Sifting through a pile of dirt with her hands and a trowel, Catherine Lazerwitz, 7, held up a small piece of history, her eyes glowing.
"What's this? What's this?" she asked excitedly, rolling the mysterious chunk around with her fingers. Upon learning that her treasure was merely a rock, she sighed, tossed it aside, then returned to her pile. "Shucks. What about this? What's this?"
A few hundred yards from the George Washington Masonic National Memorial yesterday morning, Catherine and about 15 other amateur archaeologists learned about the art of visiting eras of old. Unlike most educational programs, this one let the group get down and dirty at the Alexandria Archaeology Museum's "Family Dig Day," searching for artifacts and turning inquiry into discovery.
The community-oriented program, which is run each summer and fall, is designed to bring people closer to history. The city's team of archaeologists takes the public through an actual excavation, detailing the dig and talking about the historical significance of the site. It's a brand of "urban archaeology" that makes the work of the city's archaeologists more accessible.
"We really want to involve the community in our work, so that we can give them the knowledge and experience of archaeology," said Steven Shephard, Alexandria's assistant city archaeologist. "This is one of the most exciting parts of it, to find things. We want people to know that we care about this history and that this history is being saved."
Yesterday's program coincided with the pinnacle of Alexandria's 250th anniversary celebration, a year-long effort that highlights the city's rich history, from the times of George Washington to the present. Music and fireworks at Jones Point Park last night were billed as the premier event.
Shephard and his team of archaeologists brought people to the 18th century via several small holes at the top of Shuter's Hill yesterday. Shephard walked amid the ruins of what was probably a laundry house; all that remains is a group of rocks and bricks about a foot beneath the surface of the hill.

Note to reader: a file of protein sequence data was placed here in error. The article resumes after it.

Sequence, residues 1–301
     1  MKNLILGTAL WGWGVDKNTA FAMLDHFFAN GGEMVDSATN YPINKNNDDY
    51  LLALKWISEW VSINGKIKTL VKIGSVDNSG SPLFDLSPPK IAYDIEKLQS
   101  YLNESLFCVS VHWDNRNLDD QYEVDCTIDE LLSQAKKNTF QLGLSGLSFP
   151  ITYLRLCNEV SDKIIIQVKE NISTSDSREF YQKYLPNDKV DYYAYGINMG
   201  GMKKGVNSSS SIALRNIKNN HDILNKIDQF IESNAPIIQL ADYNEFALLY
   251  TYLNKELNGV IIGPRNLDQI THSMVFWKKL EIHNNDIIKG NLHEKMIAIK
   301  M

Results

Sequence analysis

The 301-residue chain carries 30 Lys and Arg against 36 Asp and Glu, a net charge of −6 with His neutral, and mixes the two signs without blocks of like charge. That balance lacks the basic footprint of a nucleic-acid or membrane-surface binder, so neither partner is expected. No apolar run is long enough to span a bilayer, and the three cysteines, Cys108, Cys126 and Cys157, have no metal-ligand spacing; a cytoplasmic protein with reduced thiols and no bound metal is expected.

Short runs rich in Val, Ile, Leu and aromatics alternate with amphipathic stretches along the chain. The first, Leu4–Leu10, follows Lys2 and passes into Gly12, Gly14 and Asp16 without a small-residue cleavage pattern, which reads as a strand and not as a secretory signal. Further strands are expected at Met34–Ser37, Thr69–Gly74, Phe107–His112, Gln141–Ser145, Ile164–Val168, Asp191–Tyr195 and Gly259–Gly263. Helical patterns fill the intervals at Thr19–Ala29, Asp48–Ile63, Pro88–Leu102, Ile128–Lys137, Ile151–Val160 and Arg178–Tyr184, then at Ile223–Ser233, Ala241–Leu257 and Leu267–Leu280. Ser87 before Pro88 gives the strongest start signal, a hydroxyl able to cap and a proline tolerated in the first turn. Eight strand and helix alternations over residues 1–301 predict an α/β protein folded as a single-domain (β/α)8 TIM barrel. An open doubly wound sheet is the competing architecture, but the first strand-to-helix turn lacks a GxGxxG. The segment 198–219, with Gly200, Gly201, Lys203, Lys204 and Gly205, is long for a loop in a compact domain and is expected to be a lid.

Shuter's Hill was transformed from a palatial estate to a Union fort during the Civil War, and Shephard said the structure uncovered by his team might have been inhabited by slaves.
Screening piles of dirt removed from the site, children giggled anxiously as they picked up pieces of glass, pottery and scores of oyster shells, which museum educator Jared Byrons said were used in soil and for walkways. The group located a hand-carved bone toothbrush, a .22-caliber bullet casing and a pig's molar, among other artifacts.
"We found a few nails and some glass, and I think he's having a great time," said Julio Herrera, of Falls Church, who was helping his son, Andrew, 9. "I think it's kind of neat that we get to do this. It's like finding a little bit of history."
Katrina Christopher, 9, of Strongsville, Ohio, had managed to cover her face with dirt while working quickly with her trowel. She and her mother, Diane, had stopped at the dig as part of their week-long vacation.
"I'm not a dirt person, but I'm doing it because she wanted to do it," Diane Christopher said, smiling at her daughter, who took an interest in digging holes when she was 4 years old. "Her daddy has gotten on her case for digging in the back yard at home. She's in seventh heaven right now."
CAPTION: Samuel Lazerwitz, William Moscati and Catherine Lazerwitz, all 7, screen dirt for artifacts at the Alexandria Archaeology Museum's "Family Dig Day."